Linked by Eugenia Loli on Mon 7th Nov 2005 00:10 UTC, submitted by Rob Teng
Mandriva, Mandrake, Lycoris In light of the many misunderstandings about Linux, software repositories and installation of packages, part one of this season's Mandriva Linux 2006 review includes an extensive background article about it. It explains why the nature of Free Software leads to a more userfriendly software installation setup for Linux distributions in general, as compared to proprietary systems such as the current desktop market leader. The process is illustrated with Mandriva Linux tools. This first part of the Mandriva Linux 2006 review also contains information on the installation and benchmark figures against previous Mandriva/Mandrake products, amongst other things.
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RE[6]: thumbs down
by Temcat on Mon 7th Nov 2005 14:51 UTC in reply to "RE[5]: thumbs down"
Temcat
Member since:
2005-10-18

Riiight, and ALL those packages have the version that you need.

Reply Parent Score: 1

RE[7]: thumbs down
by on Mon 7th Nov 2005 15:31 in reply to "RE[6]: thumbs down"
Member since:

Riiight, and ALL those packages have the version that you need.

Exactly ! That's what zealots have a hard time understanding with package managers.
The package manager is there to PROTECT the NOVICE user !
The very day you need sth outside of the repository, that means you want to become an advanced user.
For example, trying the latest dev version of sth, or an obscure niche app.
I never saw an average user lacking a package.
The package manager can't be compared to anything on Windows, because it actually protect the user, which is never the case in Windows, where you can install no matter what. Sometimes, a Windows installer will try a hack and bail out if a version of sth is not up to date, but that's all.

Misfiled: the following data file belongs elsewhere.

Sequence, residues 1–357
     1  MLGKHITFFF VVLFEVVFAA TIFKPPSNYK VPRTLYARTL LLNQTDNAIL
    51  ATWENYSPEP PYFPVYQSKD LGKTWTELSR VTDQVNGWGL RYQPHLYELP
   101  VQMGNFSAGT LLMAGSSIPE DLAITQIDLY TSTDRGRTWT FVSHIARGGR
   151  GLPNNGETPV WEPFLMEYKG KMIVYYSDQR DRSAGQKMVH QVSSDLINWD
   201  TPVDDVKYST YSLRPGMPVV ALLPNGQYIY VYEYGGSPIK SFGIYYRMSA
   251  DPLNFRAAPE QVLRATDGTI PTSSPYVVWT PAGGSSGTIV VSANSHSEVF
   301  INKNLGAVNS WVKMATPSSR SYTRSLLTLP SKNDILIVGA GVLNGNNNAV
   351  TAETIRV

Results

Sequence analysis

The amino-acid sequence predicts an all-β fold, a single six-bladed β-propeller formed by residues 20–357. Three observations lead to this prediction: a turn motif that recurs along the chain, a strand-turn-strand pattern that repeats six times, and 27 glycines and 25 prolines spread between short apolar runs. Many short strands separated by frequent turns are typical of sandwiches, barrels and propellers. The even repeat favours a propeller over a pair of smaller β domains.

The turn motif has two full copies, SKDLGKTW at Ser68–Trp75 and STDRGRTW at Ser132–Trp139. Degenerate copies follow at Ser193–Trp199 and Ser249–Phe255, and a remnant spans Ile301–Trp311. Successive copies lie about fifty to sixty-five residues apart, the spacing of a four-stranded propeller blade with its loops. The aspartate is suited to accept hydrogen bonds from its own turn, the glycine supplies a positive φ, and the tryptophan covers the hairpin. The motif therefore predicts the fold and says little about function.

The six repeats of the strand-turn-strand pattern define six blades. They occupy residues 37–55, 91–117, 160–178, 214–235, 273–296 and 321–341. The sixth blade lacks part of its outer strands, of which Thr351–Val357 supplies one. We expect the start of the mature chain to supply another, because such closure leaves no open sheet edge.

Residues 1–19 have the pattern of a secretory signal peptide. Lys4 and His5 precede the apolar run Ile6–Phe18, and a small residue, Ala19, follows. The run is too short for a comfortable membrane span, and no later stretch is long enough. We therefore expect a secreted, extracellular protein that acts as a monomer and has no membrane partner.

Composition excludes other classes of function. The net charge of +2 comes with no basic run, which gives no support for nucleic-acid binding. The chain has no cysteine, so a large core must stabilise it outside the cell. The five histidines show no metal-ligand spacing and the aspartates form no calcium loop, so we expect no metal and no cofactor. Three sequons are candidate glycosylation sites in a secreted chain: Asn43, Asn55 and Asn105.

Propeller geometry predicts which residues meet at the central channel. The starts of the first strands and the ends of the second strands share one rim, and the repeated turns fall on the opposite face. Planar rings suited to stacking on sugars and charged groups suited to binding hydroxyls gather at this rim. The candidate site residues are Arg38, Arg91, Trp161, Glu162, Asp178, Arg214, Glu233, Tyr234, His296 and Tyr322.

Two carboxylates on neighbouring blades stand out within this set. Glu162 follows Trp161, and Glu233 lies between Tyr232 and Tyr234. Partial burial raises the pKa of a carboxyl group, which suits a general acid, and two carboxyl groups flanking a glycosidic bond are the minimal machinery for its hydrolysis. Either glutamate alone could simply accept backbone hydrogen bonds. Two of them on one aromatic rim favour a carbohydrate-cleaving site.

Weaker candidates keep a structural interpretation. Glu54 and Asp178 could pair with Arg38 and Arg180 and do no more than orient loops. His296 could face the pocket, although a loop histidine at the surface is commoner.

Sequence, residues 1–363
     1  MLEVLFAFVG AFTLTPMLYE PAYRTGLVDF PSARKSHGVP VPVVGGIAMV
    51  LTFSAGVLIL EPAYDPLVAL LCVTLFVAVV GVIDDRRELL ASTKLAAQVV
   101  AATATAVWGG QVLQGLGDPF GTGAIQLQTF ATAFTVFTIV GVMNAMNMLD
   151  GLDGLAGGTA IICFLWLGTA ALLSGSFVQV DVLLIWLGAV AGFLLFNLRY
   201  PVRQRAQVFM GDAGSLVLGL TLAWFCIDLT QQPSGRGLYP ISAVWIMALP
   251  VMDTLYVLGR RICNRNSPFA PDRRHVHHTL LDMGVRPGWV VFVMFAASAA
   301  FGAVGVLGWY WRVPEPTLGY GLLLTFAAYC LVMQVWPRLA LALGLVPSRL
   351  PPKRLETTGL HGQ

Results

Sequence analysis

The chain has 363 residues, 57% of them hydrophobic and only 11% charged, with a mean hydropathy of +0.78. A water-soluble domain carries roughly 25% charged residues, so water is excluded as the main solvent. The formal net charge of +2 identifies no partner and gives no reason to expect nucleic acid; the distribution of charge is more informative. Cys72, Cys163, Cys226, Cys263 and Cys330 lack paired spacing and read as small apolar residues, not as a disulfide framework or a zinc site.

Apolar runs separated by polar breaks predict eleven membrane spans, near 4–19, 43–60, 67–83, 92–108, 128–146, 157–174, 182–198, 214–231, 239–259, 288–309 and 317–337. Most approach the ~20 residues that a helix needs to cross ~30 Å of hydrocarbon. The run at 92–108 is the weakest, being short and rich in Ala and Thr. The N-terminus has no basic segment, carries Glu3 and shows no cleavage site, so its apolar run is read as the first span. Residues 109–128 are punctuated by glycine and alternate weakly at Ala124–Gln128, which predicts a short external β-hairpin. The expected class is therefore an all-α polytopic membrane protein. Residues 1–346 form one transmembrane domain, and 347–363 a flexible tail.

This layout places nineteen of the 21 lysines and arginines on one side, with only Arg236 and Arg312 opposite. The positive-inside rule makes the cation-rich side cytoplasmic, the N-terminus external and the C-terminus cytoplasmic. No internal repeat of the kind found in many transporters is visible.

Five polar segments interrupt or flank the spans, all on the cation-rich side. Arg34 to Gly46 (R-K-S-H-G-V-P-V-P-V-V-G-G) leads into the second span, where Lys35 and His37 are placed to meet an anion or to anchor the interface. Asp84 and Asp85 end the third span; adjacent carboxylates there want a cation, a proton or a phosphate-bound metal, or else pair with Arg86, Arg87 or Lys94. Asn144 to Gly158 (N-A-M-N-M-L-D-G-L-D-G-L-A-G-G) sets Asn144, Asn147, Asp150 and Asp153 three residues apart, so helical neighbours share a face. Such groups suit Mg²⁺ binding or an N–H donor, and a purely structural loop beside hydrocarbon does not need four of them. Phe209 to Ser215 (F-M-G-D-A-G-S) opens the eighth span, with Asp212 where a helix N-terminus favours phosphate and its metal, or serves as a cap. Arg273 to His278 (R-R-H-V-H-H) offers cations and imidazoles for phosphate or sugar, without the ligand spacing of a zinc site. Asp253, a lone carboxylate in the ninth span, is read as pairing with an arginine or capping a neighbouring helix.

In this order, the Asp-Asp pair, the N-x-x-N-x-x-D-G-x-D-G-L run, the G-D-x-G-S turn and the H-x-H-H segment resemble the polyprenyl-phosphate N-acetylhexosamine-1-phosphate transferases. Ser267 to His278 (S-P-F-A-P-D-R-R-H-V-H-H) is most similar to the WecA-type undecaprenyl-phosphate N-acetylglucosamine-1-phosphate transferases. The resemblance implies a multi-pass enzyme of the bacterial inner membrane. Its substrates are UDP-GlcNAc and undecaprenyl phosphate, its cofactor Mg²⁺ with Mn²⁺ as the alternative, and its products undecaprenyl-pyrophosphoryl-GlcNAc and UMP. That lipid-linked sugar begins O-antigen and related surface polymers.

In Linux distros, the package manager will prevent you from even installing an app, if it can't handle it.
Of course, you have ways to bypass it if you are smarter than the package manager. But you actually have to be smarter, and I think that's what is frustrating so much zealots : they realise they were not so smart, and find themselves stuck. So, as they can't blame themselves (they are so smart), they blame the package manager which tried to protect them.
That's why you won't see people blaming the package manager, cite which app they tried to install, because they would look like trolls and morons. Because, most of them tried to install things that were already in the package manager, or tried installing some obscure niche app (which require not being a newbie to be installed).
I'm pretty convinced of all that, specially when the only problem zealots can find against package management is : what if it is not in the repository. The answer is simple enough : ask your distro provider or the app provider for a package.

Reply Parent Score: 0

RE[8]: thumbs down
by Temcat on Mon 7th Nov 2005 16:37 in reply to "RE[7]: thumbs down"
Temcat Member since:
2005-10-18

The answer is simple enough : ask your distro provider or the app provider for a package.

Sure, and they of course will drop all the rest of their present affairs and devote their attention to me :-)

I've had that trouble myself. My distro only had Gimp 2.0 while I wanted to install 2.2. I asked them to no avail. So the repo system failed for me in this case. "Change your distro" is not the answer.

BTW you seem to somehow infer that I deny usefulness of repositories as such. That's not the case. The repos have their place and they are a great convenience for the user. At least for the core system software, they are clearly superior to the Windows' auto update system. But they do have their limitations: 1) inherent security of all software from repositories (EDIT: compared to the upstream versions) is a myth; 2) they don't contain ALL software that is produced, and the software they do contain does not always have the version a user needs.

Edited 2005-11-07 16:41

Reply Parent Score: 1

RE[7]: thumbs down
by on Mon 7th Nov 2005 22:14 in reply to "RE[6]: thumbs down"
Member since:

{ALL those packages have the version that you need}.

So far they have been, and I have about 1400 packages installed.

That is a lot of software. Most of it comes stright off the distro install CD.

It is also about 50 times more functional "out-of-the-box" than any Windows OS install I have ever done.

I use KANOTIX - live CD with HD install, installs about 1350 packages - installs from scratch in about 15 minutes and just one re-boot - no additional drivers or application CDs required - guaranteed free of malware - does not require registration or activation or CD keys typed in - has no known viruses "in the wild" and can be used safely on the internet "out-of-the-box" - and as the thread topic points out is supported via Debian repositories with an additional 15000+ packages on line, easily searchable, available from one easy-to-use interface and guaranteed free of malware.

Reply Parent Score: 0